By: COLIN REESE
There’s a trend in the American soccer media to write that any opinions about the United States Men’s National Team except for Jürgen Klinsmann’s are irrelevant.
This writer has never seen such a phenomenon in any sports writing about other sports in the United States or in any soccer writing in other countries.
The first thing the Brazilian press does when the Seleção rosters are announced is ask the coach why certain players were excluded or included.
If Jürgen Klinsmann’s opinions about players and tactics for the USMNT were so set in stone and knowable, then why did he fire Martín Vasquez?
The coach of the United States said that he would be selecting 30 players for the May Try-Out Camp for the World Cup roster because he wasn’t certain about which 23 players that he would select for the final roster.
There are clearly many decisions still being made about players and tactics.
World Soccer Source is assuming Michael Orozco (center back and outside back) and Maurice Edu (defensive midfielder and center back) will make the World Cup roster, so then the United States will still need some key players to field a strong Starting XI and to form a strong 23-man roster.
For World Soccer Source, here are those five needed fringe players:
1. DeAndre YEDLIN (Right Back; Seattle Sounders)
With Geoff Cameron needed at center back or as the defensive midfielder to allow Michael Bradley to play as a box-to-box midfielder, the United States Men’s National Team doesn’t have a quality starting right back except for Fabian Johnson who seems to play better as a winger (where he’s excellent), and Johnson is likely needed at left back, as the United States has no better starting left back. It would be surprising to see Jürgen Klinsmann actually start DaMarcus Beasley at left back in the World Cup when it comes time to actually pick a Starting XI.
2. Joe CORONA (Attacking Midfielder; Tijuana)
Clint Dempsey and Landon Donovan are wings or wide attacking midfielders (plus second strikers), and if either player is suspended, the United States only has Fabian Johnson to play on either wing – and he’s likely needed to start at left back. Joe Corona is a wing and Number 10 that actually possesses the technical ability, quick feet, and experience against top-level competition to perform at the World Cup. Corona should be a roster lock.
The USMNT also has no Number 10. None.
3. Juan AGUDELO (Striker; Stoke City/Utrecht)
The idea that the United States is good enough to omit a striker like Juan Agudelo from the World Cup roster is a fantasy. In addition to all of the technical, physical, and creative gifts that Agudelo brings to the front of the attack, the American Number 9 opens up games and fosters an atmosphere where the United States starts creating more scoring chances. Agudelo shouldn’t be dismissed lightly. The striker is a very skilled player that’s tall, quick, and fast. Jozy Altidore is sometimes criticized for not being technical enough, and Aron Jóhannsson is sometimes criticized for not being physical enough and lacking the hold up play of Altidore. Agudelo can’t be criticized for any of those things.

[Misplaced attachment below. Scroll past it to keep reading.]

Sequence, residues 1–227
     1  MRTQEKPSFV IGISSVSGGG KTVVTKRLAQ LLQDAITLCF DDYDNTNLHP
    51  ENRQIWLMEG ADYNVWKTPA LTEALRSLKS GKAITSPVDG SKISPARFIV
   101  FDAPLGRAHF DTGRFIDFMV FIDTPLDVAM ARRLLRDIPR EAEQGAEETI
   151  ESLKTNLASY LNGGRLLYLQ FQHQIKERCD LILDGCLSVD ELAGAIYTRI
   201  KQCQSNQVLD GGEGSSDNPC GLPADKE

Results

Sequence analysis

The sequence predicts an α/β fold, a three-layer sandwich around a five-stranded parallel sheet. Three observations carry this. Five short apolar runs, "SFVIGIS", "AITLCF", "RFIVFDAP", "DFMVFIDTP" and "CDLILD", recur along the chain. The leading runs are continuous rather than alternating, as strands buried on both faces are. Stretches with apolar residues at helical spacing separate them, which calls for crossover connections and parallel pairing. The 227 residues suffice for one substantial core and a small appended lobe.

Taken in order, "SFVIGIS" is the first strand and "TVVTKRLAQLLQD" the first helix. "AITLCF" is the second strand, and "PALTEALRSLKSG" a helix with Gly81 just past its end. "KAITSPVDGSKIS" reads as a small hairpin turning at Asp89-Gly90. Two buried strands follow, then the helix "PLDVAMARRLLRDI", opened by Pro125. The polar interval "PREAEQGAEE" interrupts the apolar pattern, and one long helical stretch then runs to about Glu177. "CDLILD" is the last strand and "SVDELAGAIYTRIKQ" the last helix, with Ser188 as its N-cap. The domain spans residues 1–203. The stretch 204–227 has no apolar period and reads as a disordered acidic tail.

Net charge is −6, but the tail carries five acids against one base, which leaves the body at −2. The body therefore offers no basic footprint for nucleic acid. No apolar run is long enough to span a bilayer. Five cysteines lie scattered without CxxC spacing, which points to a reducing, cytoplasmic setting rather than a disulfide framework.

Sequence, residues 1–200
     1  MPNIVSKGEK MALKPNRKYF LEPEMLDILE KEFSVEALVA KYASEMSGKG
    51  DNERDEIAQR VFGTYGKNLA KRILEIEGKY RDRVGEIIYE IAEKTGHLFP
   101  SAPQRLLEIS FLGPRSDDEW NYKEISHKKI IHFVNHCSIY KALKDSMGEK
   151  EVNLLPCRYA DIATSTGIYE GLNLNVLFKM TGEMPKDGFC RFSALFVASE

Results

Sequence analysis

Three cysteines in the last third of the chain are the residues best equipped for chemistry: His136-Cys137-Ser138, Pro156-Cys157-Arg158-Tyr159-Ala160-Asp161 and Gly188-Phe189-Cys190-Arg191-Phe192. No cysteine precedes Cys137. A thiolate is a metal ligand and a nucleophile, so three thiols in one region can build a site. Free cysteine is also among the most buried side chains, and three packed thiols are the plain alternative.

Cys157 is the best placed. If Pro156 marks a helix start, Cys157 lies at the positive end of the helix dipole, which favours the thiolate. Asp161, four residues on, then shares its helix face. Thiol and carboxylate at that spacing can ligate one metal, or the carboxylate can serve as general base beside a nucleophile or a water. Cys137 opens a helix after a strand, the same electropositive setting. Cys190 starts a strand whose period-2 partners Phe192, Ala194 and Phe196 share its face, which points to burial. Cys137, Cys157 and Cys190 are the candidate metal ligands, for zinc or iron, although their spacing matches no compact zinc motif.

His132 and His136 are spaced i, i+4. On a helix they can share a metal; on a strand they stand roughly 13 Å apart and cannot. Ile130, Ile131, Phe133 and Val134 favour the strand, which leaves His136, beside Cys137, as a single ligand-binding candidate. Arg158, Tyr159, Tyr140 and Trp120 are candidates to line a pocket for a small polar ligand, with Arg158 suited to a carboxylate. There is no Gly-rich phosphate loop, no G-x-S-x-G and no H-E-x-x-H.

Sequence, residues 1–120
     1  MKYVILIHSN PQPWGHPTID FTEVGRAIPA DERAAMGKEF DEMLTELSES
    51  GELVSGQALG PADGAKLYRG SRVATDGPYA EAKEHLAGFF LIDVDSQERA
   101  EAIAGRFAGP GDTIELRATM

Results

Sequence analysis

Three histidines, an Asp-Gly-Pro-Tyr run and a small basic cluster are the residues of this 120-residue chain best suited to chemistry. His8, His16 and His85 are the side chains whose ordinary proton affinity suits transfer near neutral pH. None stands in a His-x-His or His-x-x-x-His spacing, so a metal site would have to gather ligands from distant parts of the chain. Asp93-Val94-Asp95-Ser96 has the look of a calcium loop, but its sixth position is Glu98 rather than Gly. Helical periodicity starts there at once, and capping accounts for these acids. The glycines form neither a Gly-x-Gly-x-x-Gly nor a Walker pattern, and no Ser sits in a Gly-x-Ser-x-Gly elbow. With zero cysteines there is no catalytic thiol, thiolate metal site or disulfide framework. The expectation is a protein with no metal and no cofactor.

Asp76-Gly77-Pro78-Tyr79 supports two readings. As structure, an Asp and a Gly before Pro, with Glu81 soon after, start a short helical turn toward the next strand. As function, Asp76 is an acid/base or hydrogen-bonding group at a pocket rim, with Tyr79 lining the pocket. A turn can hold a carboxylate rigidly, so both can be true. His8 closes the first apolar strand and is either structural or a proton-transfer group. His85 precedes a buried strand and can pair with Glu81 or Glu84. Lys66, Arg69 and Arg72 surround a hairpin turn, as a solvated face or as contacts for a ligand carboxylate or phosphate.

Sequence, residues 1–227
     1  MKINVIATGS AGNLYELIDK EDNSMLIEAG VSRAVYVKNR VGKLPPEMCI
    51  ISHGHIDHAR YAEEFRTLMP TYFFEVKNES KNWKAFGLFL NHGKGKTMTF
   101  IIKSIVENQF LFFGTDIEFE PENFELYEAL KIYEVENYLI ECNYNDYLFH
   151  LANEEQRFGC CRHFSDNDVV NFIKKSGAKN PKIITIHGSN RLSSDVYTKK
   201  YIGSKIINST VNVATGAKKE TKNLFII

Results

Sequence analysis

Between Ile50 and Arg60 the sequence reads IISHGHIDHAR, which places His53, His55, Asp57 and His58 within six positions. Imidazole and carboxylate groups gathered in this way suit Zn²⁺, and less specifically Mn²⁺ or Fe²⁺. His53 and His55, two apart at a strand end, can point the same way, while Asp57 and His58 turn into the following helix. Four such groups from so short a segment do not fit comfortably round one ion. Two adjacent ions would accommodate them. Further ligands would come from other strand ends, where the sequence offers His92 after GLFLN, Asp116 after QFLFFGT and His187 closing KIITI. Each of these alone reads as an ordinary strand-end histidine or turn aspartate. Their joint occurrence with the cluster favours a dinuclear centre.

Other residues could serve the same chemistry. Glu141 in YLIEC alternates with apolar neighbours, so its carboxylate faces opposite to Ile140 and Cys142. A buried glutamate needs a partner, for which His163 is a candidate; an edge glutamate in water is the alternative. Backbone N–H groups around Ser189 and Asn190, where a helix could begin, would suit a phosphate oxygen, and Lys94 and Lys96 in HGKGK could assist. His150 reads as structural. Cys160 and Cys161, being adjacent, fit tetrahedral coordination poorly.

4. Benny FEILHABER (Attacking Midfielder; Sporting KC)
You can’t just call any technically-skilled midfielder a Number 10 or a playmaker, but that’s exactly what Jürgen Klinsmann has done with Michael Bradley, Clint Dempsey, and Landon Donovan. Benny Feilhaber actually is a Number 10, and he improved the areas that he was asked to improve: his fitness, his intensity, his consistency for 90 minutes, and his defense. Feilhaber did exactly what was asked of him while still playing with the creativity and skill on the ball that made him valuable. The Occam’s Razor for the USMNT is to start Bradley, Donovan, Feilhaber, and Dempsey together in the midfield. No good World Cup team or Champions League team has no playmakers on the roster.
5. Chris KLUTE (Left Back/Right Back; Colorado Rapids)
In terms of his defending and attacking, Chris Klute is the best left back in MLS by some margin, and he plays exactly like DeAndre Yedlin who has been almost universally received as a breath of fresh air and an upgrade for the USMNT. Using Yedlin and Klute as the outside backs is the only real option for the United States with the caveat that Fabian Johnson can play as both a right back and as a left back. Klute also plays both right back and left back because he is very two-footed. Starting Beasley at left back in the World Cup is a risky crap shoot anyway, so how is putting the best left back in MLS any more risky? We already know that Beasley can’t defend Thomas Müller, Cristiano Ronaldo, and Kevin-Prince Boateng anyway. Klute is even faster than Beasley with better defending.
The five fringe players listed in the paragraphs above each add something to the puzzle that is the USMNT. Yedlin and Klute add modern outside backs to the team, and Corona and Agudelo add needed attacking players to the roster or Starting XI. Given his current form, not to mention his skill and proven-ability, Feilhaber is just a criminal snub.
World Soccer Source would like to see this Starting XI:
Howard; Yedlin, Edu, Orozco, Klute; Cameron, Bradley; Corona, Feilhaber, Dempsey; Altidore.
Those 11 players are certainly better than any combination of players the United States has used before.